I was at a doctor’s appointment. At the end of our conversation, the significantly younger doctor said in reference to circulation, “You have to consider your age.” – I was floored. No one had ever said that to me. But, I was well aware of what he meant. It’s one of those things about getting older. For some of us, it can definitely be a challenge.
In Paul’s second letter to the Corinthians, he must have been thinking along these lines as well when he writes that “our outward man is perishing” (2 Corinthians 4:16). We understand. The decline has begun. We are heading downhill. Let us dare to address this fact.
A bit earlier in the same chapter, Paul draws a comparison and, referring to human beings, calls us “earthen vessels” (verse 7). The Greek word used in this passage speaks of fired clay, or earthenware vessels, which were inexpensive, fragile, and easily replaceable at that time. Clay jars were used in the household or for storing valuable objects such as precious scrolls. If you looked at the outside of such a jar, all you saw was the worthless clay jar, slightly scraped, perhaps already cracked. The treasure, however, was found inside.
Paul then refers to his ministry in the kingdom of God – the treasure of the glorious gospel, the preaching ministry which God has entrusted to earthly vessels; indeed, He has entrusted to men. In this picture of the clay jar, Paul envisions his own life. On the surface, it is pathetic, without great significance, powerless, insignificant, and unimposing. There is no evidence of “glory.” He describes himself as suffering, weak, constantly harassed, and dealing with hardships. But it is not about the vessel; it is about the contents, the fruition of the Gospel, and the glory of God. And because he had these goals in mind, he was able to add, “Therefore we do not lose heart,” we do not give up (verse 16).
Have you perhaps ever marveled at Paul, not only at what he encountered but also at the extent to which God was able to use him, how he was a guide to eternal life for many people? An extremely far-reaching influence emanated from him. He also has an explanation for this. On the one hand, he was dealing with a physical body that had been subjected to various circumstances and was declining. On the other hand, he was connected to the divine source of power, which continually renewed his inner man. He always received new strength to serve, and not only occasionally but day after day. “Therefore we do not lose heart; but, though our outward man is perishing, yet the inward man is being renewed day by day” (verse 16).
Reflecting on Paul’s words, we begin to understand him better. He was not working in his own strength, not focused on himself, but in continual dependence on the Lord. The daily supply of strength kept him going. What profound words these are, “new strength every day!” Can we experience this as well? Don’t we need this strength, this strength which lets us say, “Therefore we do not lose heart?”
With aging, the “outer man,” our body, slowly degenerates. There’s no doubt about it. “You have to consider your age.” That’s what my doctor said. One could sing a dirge here and list all the things that make life difficult. We could come up with several verses…. It would certainly please the adversary if he heard us constantly singing laments. But we will not participate. It does not help us, and it does not help others. And above all, it does not change the fact. Wouldn’t it be far better to deal with the reality that inwardly we are being renewed day by day?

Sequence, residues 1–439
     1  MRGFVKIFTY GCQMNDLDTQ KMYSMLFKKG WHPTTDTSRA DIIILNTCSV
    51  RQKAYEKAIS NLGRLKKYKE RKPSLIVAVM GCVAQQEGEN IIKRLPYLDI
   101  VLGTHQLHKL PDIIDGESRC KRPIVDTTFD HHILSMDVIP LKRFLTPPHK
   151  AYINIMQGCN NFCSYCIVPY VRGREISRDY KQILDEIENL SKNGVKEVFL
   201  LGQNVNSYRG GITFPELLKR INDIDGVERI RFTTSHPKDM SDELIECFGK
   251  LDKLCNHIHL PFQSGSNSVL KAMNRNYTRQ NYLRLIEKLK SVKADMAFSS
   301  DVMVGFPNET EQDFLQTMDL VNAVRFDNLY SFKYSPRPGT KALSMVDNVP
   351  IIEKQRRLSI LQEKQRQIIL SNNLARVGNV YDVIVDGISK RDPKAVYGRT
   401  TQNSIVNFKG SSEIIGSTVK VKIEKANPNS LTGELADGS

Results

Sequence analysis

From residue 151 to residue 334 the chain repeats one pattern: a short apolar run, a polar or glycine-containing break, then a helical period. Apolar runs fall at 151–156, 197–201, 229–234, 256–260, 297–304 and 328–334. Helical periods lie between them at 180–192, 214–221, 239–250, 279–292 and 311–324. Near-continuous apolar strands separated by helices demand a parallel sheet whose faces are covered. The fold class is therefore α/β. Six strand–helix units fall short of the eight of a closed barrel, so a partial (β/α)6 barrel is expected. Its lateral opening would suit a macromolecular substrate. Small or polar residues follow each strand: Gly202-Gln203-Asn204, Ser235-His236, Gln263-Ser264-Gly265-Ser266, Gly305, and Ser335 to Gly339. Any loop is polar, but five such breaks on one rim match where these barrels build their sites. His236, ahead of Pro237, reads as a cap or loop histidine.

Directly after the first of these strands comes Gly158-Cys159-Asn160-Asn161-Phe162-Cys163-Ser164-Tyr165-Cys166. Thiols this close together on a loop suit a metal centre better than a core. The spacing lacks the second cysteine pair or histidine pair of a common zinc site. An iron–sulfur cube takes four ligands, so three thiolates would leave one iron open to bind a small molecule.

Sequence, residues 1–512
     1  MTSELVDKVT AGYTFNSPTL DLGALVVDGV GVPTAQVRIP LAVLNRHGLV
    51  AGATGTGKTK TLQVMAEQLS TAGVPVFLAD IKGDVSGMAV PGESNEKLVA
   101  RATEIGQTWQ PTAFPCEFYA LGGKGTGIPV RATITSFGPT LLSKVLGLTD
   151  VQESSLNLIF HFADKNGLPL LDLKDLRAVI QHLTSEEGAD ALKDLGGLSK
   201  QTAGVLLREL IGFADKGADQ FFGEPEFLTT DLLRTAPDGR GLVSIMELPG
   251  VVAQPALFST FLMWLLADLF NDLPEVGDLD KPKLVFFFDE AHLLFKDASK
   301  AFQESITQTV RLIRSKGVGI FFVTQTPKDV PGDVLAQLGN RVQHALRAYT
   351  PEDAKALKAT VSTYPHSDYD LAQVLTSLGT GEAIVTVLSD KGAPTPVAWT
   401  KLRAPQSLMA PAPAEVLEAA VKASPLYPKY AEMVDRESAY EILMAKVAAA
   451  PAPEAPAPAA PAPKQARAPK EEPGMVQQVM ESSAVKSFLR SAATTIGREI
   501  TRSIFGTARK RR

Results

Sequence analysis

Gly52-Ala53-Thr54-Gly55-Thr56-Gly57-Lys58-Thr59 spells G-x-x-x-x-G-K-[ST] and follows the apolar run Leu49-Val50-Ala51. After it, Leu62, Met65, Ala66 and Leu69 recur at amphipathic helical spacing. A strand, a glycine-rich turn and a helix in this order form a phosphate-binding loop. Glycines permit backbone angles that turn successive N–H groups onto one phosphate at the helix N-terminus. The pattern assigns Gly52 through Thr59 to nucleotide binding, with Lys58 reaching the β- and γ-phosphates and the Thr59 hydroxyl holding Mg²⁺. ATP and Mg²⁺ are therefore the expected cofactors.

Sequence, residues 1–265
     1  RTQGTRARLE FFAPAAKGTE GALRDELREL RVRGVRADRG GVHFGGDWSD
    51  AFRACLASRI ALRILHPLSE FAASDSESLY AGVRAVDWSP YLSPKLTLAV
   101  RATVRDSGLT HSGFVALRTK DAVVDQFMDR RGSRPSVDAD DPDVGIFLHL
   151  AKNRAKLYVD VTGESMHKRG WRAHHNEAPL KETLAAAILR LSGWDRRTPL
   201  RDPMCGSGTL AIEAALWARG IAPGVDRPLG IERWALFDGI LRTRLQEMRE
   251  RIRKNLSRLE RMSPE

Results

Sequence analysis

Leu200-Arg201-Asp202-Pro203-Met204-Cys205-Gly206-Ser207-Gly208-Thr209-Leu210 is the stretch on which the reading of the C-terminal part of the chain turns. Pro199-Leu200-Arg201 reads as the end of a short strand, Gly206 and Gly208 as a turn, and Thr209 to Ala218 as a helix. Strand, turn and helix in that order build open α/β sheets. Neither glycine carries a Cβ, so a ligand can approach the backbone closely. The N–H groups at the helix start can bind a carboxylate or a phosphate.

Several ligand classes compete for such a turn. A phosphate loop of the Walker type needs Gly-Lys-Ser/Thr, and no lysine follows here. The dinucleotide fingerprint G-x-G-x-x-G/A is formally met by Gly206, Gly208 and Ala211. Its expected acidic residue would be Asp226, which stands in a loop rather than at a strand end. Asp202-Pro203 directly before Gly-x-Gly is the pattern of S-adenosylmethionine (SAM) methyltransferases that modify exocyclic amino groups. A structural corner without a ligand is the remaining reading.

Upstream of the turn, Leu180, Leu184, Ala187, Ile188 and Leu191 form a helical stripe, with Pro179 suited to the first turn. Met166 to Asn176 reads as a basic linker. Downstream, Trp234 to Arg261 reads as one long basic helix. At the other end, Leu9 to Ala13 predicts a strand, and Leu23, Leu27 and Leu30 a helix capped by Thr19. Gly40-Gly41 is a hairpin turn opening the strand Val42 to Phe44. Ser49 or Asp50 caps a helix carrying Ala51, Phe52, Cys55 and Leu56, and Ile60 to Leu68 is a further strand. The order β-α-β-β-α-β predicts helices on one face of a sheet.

What does this actually mean, and what does God’s Word want to tell us through this? While the body is gradually degenerating, the inner person is being renewed every day, strengthened, encouraged, finding security in God, and receiving grace to not to give up. And this is ongoing, new every day, until we enter the final port and reach our destination. In a song, it is so aptly said, “There’s not an hour that He is not near us, no not one… No night so dark, but His love can cheer us, no, not one!” (Worship Hymnal of the Church of God, #341)
I’m sure you feel the same way I do. The thought of this daily renewal becomes increasingly more important to us. We realize that we cannot do it alone. The challenge of growing older is simply too great for us. What Paul describes here from his experience, this renewal of the inner person, is what I wish to experience too. Daily. How does this renewal happen? It happens when we pray, when we cast our cares upon Him. It also happens when we read His Word. The Psalmist knew this and prayed, “Revive me according to Your word” (Psalm 119:154). Reflecting on the many promises of God also has a strengthening effect on the inner person. What could we add? Attending church services is also part of it. Uplifting spiritual songs bring cheer. Encouragement from dear brothers and sisters also lifts us up. These points are best summed up by the prophet Isaiah: “Even youths shall faint and be weary, and the young men shall uttery fall, but those who wait on the LORD shall renew their strength; they shall mount up with wings like eagles, they shall run and not be weary, they shall walk and not faint” (Isaiah 40:30-31).
Then, one day, we will hear God’s call to come Home, when “our earthly house, this tent, is destroyed” (2 Corinthians 5:1), when we die, and our body is laid to rest. Then, Paul adds, we will have “a building from God, a house not made with hands, eternal in the heavens.” That will be glorious indeed! There we will rejoice forever – with Jesus. In heaven, we are free from all the frailties of old age. The resurrection body is an eternal one. Hallelujah!
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